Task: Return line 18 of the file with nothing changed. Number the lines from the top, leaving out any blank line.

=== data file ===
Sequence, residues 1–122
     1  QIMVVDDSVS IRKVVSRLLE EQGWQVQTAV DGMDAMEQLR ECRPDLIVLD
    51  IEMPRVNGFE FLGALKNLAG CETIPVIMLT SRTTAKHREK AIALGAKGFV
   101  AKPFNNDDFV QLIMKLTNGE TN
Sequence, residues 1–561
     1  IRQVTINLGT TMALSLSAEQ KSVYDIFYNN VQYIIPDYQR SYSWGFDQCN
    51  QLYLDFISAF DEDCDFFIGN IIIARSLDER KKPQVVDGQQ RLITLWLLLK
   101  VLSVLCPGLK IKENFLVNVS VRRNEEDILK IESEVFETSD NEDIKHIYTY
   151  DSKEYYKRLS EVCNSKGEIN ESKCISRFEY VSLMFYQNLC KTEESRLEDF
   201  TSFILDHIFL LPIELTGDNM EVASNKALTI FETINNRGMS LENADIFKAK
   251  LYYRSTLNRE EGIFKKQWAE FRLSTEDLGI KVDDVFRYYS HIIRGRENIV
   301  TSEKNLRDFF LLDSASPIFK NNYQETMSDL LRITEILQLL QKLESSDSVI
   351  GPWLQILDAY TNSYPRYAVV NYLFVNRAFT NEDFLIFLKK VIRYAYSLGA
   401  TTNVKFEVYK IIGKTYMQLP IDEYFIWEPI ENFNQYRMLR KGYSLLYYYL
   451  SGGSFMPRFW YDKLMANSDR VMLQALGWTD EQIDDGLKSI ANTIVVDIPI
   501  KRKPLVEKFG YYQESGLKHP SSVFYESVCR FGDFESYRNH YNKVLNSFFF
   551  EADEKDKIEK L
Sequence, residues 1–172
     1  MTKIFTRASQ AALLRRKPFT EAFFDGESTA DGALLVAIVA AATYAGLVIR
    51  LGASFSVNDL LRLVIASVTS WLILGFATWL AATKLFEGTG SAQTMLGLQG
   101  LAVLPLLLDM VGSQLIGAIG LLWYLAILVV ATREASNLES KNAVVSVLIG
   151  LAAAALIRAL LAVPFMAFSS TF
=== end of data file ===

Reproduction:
Sequence, residues 1–172